March 2012
Volume 53, Issue 14
ARVO Annual Meeting Abstract  |   March 2012
The UK Optometric Workforce Survey: job satisfaction among optometrists
Author Affiliations & Notes
  • Naira Khachatryan
    Research, The College of Optometrists, London, United Kingdom
  • Michael Bowen
    Research, The College of Optometrists, London, United Kingdom
  • Martin Cordiner
    Research, The College of Optometrists, London, United Kingdom
  • Arthur Melkonyan
    Yerevan State Medical University, Yerevan, Armenia
  • Footnotes
    Commercial Relationships  Naira Khachatryan, None; Michael Bowen, None; Martin Cordiner, None; Arthur Melkonyan, None
  • Footnotes
    Support  None
Investigative Ophthalmology & Visual Science March 2012, Vol.53, 1418. doi:
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      Naira Khachatryan, Michael Bowen, Martin Cordiner, Arthur Melkonyan; The UK Optometric Workforce Survey: job satisfaction among optometrists. Invest. Ophthalmol. Vis. Sci. 2012;53(14):1418.

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      © ARVO (1962-2015); The Authors (2016-present)

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In 2010 the College of Optometrists initiated a survey to investigate the optometric workforce in the UK


This was a cross sectional survey of members of the College of Optometrists, representing 77% of the optometrists registered to practice in the UK (n=11,901). Data was collected using an online and postal survey on socio-demographic characteristics, patterns of practice, training and experience, job satisfaction and future intentions of individual optometrists. Job satisfaction (JS) data was collected using a validated questionnaire developed for a survey of general practice doctors. Ten questions explored the personal, practice and job factors influencing JS. JS was measured on scale of 1 to 7, with higher scores representing higher satisfaction levels. Data was managed in SPSS and SAS. Analysis of variance was run to investigate impact of socio-economic, education and employment factors on each JS variable.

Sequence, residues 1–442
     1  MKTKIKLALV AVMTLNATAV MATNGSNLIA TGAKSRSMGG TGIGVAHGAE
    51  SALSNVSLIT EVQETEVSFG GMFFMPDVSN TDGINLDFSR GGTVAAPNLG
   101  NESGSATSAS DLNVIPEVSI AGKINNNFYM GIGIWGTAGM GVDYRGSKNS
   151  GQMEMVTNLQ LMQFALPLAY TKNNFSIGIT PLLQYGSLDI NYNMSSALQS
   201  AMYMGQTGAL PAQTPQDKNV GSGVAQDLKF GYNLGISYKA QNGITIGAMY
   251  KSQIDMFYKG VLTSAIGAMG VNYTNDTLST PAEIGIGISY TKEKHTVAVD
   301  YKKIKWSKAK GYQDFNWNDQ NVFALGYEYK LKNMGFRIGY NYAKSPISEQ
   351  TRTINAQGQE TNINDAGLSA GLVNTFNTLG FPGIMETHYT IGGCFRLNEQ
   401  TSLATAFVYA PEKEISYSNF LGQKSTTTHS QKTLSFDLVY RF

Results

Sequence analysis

3,122 optometrists participated in the study. Respondents reported high rates of job satisfaction. For all ten variables, the mean rate of satisfaction was approximately 5. The highest rates of satisfaction were reported in the ability to choose methods of working (5.6) and amount of responsibility (5.7). Participants were less satisfied with recognition (4.7) and remuneration (4.9). A positive response to the question "Do you feel that your clinical skills are continuously being developed?" and high income levels was associated with increased job satisfaction scores for all JS variables. Optometrists with a special area of interest in optometry were more satisfied with ‘freedom to choose own methods of working’ and ‘amount of variety in their jobs’ than those with no special area of interest. The optometrists working at "Independent Practice" and "Hospital or Academic Institution" reported higher overall satisfaction than those working at "Multiple Practices". Optometrists working more hours/week (>37.5) were less satisfied with their job, on the majority of JS variables, than those working fewer hours. Optometrists of ‘any Asian’ or ‘any Black and mixed ethnicity’ were less satisfied with the amount of variety in their job and remuneration compared to those of ‘any White ethnicity’.


Job satisfaction is important for the stability, effectiveness and efficiency of the workforce. Further research is needed to investigate these results, which suggest that factors such as practice type, working hours, level of control and variety of practice as well as ethnicity play important roles in determining satisfaction.

Keywords: clinical (human) or epidemiologic studies: health care delivery/economics/manpower 

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